Ram 1500 vs Toyota Tundra | Compare Ram Trucks in Tucson

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Compare the New 2016 Dodge Ram 1500 Pickup Truck to the 2016 Toyota Tundra

Safety

Full-time four-wheel drive is optional on the Ram 1500. Full-time four-wheel drive gives added traction for safety in all conditions, not just off-road, like the only system available on the Tundra.

The Ram 1500 Big Horn/Lone Star/Sport/Laramie offers optional UConnect Access, which uses a global positioning satellite (GPS) receiver and a cellular system to remotely unlock your doors if you lock your keys in or send emergency personnel to the scene if any airbags deploy. The Tundra doesn't offer a GPS response system, only a navigation computer with no live response for emergencies, so if you're involved in an accident and you're incapacitated help may not come as quickly.

Both the Ram 1500 and the Tundra have standard driver and passenger frontal airbags, front side-impact airbags, side-impact head airbags, front seatbelt pretensioners, height-adjustable front shoulder belts, plastic fuel tanks, four-wheel antilock brakes, traction control, electronic stability systems to prevent skidding, front parking sensors and available rearview cameras.

The National Highway Traffic Safety Administration does 35 MPH front crash tests on new vehicles. In this test, results indicate that the Ram 1500 is safer than the Toyota Tundra:


Ram 1500

Tundra


Driver

STARS

4 Stars

4 Stars

Neck Injury Risk

27%

41%

Neck Stress

353 lbs.

367 lbs.


Passenger

STARS

4 Stars

4 Stars

Chest Compression

.4 inches

.6 inches

Neck Injury Risk

44%

50%

Leg Forces (l/r)

597/346 lbs.

557/390 lbs.

New test not comparable to pre-2011 test results. More stars = Better. Lower test results = Better.

The National Highway Traffic Safety Administration does side impact tests on new vehicles. In this test, which crashes the vehicle into a post at 20 MPH, results indicate that the Ram 1500 is safer than the Toyota Tundra:


Ram 1500

Tundra


Into Pole

STARS

5 Stars

5 Stars

Hip Force

681 lbs.

682 lbs.

New test not comparable to pre-2011 test results. More stars = Better. Lower test results = Better.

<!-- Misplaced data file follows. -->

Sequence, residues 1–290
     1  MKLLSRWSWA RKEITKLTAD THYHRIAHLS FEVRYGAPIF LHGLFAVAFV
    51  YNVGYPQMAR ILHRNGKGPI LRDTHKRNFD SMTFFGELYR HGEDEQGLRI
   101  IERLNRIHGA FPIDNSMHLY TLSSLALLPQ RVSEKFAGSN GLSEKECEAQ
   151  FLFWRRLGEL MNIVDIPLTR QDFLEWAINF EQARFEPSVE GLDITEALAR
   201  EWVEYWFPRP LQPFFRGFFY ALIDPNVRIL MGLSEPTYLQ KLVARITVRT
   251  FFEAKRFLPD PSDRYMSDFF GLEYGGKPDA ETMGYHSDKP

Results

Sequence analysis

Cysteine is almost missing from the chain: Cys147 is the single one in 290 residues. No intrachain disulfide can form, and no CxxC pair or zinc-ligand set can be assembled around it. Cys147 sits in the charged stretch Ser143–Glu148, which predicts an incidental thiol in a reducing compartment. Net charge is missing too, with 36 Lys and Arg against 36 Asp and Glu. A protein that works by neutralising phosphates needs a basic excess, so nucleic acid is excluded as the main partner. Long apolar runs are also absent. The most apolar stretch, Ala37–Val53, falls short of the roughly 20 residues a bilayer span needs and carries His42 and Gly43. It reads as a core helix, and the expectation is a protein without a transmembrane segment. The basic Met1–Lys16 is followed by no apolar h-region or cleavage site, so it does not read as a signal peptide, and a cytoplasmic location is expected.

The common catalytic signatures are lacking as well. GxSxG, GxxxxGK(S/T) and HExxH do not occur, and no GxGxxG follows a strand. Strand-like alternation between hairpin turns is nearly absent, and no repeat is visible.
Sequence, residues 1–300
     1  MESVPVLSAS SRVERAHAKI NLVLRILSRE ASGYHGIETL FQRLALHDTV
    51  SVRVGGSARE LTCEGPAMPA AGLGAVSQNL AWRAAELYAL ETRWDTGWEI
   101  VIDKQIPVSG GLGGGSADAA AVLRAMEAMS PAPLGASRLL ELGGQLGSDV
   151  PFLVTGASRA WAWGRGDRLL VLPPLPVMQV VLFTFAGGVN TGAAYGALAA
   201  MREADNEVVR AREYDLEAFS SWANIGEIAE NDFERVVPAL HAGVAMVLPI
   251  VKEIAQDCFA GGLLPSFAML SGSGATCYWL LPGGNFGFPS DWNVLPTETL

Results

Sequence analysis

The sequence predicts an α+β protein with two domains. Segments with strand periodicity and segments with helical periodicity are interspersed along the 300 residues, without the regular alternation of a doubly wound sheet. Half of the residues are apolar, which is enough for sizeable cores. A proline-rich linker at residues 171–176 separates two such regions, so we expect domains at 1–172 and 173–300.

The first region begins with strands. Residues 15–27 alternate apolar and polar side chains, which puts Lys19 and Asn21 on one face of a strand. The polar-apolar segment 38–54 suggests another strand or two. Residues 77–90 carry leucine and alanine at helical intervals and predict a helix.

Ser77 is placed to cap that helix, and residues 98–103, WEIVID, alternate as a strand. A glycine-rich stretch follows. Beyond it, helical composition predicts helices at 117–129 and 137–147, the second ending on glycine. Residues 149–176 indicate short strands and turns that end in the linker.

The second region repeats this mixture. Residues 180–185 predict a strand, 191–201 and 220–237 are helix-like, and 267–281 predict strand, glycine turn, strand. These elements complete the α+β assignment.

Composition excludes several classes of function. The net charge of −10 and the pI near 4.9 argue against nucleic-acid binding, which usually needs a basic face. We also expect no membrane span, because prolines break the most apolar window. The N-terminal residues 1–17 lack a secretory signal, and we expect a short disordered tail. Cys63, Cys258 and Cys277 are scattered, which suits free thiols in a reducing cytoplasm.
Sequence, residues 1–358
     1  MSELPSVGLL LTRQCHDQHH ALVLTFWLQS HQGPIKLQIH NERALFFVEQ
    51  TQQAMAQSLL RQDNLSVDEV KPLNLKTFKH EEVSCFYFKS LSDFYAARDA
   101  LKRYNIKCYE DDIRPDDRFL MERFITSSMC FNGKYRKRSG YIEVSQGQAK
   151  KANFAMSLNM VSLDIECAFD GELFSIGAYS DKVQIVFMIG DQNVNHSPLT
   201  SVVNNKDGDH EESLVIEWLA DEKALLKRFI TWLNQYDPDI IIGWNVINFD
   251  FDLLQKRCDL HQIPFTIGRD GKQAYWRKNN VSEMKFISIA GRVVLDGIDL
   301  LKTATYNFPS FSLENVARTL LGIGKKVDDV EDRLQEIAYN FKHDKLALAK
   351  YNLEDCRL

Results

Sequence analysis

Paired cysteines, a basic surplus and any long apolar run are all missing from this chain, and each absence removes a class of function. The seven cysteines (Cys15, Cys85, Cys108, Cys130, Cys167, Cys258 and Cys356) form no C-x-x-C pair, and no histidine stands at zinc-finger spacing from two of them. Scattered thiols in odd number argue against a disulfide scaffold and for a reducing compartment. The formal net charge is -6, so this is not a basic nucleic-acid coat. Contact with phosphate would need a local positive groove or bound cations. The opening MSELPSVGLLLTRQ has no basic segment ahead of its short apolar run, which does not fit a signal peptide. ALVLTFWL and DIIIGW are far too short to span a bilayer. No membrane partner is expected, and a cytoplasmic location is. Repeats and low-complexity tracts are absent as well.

Warranty

There are over 2 times as many Ram dealers as there are Toyota dealers, which makes it much easier should you ever need service under the 1500's warranty.

Reliability

J.D. Power and Associates rated the Ram 1500 second among large light duty pickups in their 2015 Initial Quality Study. The Tundra isn't in the top three.

Engine

The Ram 1500's optional 5.7 V8 produces 14 more horsepower (395 vs. 381) and 9 lbs.-ft. more torque (410 vs. 401) than the Tundra's optional 5.7 DOHC V8.

The Ram 1500's 3.0 turbo V6 diesel produces 93 lbs.-ft. more torque (420 vs. 327) than the Tundra's standard 4.6 DOHC V8. The Ram 1500's 3.0 turbo V6 diesel produces 19 lbs.-ft. more torque (420 vs. 401) than the Tundra's optional 5.7 DOHC V8.

Fuel Economy and Range

On the EPA test cycle the Ram 1500 gets better fuel mileage than the Tundra:



Ram 1500

Tundra


4x2

5.7 V8/8-spd Auto

15 city/22 hwy

15 city/19 hwy

4.6 V8/Auto


5.7 V8/6-spd Auto

14 city/20 hwy

13 city/18 hwy

5.7 V8/Auto

4x4

5.7 V8/8-spd Auto

15 city/21 hwy

14 city/18 hwy

4.6 V8/Auto


5.7 V8/6-spd Auto

13 city/19 hwy

13 city/17 hwy

5.7 V8/Auto

An engine control system that can shut down half of the engine's cylinders helps improve the Ram 1500 V8's fuel efficiency. The Tundra doesn't offer a system that can shut down part of the engine.

In heavy traffic or at stoplights the Ram 1500 HFE's engine automatically turns off when the vehicle is stopped, saving fuel and reducing pollution. The engine is automatically restarted when the driver gets ready to move again. (Start/Stop isn't accounted in present EPA fuel mileage tests.) The Tundra doesn't offer an automatic engine start/stop system.

Transmission

An eight-speed automatic is standard on the Ram 1500, for better acceleration and lower engine speed on the highway. Only a six-speed automatic is available for the Tundra.

Brakes and Stopping

The Ram 1500 stops much shorter than the Tundra:


Ram 1500

Tundra


70 to 0 MPH

196 feet

197 feet

Car and Driver

60 to 0 MPH

123 feet

145 feet

Motor Trend

60 to 0 MPH (Wet)

154 feet

178 feet

Consumer Reports

Tires and Wheels

For better traction, the Ram 1500 has larger standard tires than the Tundra (265/70R17 vs. 255/70R18). The Ram 1500 Sport's tires are larger than the largest tires available on the Tundra (285/45R22 vs. 275/65R18).

The Ram 1500 Sport's tires provide better handling because they have a lower 45 series profile (height to width ratio) that provides a stiffer sidewall than the Tundra Limited/Platinum/1794 Edition's 55 series tires.

For better load carrying, ride, handling and brake cooling the Ram 1500 Sport has standard 22-inch wheels. The Tundra's largest wheels are only 20-inches.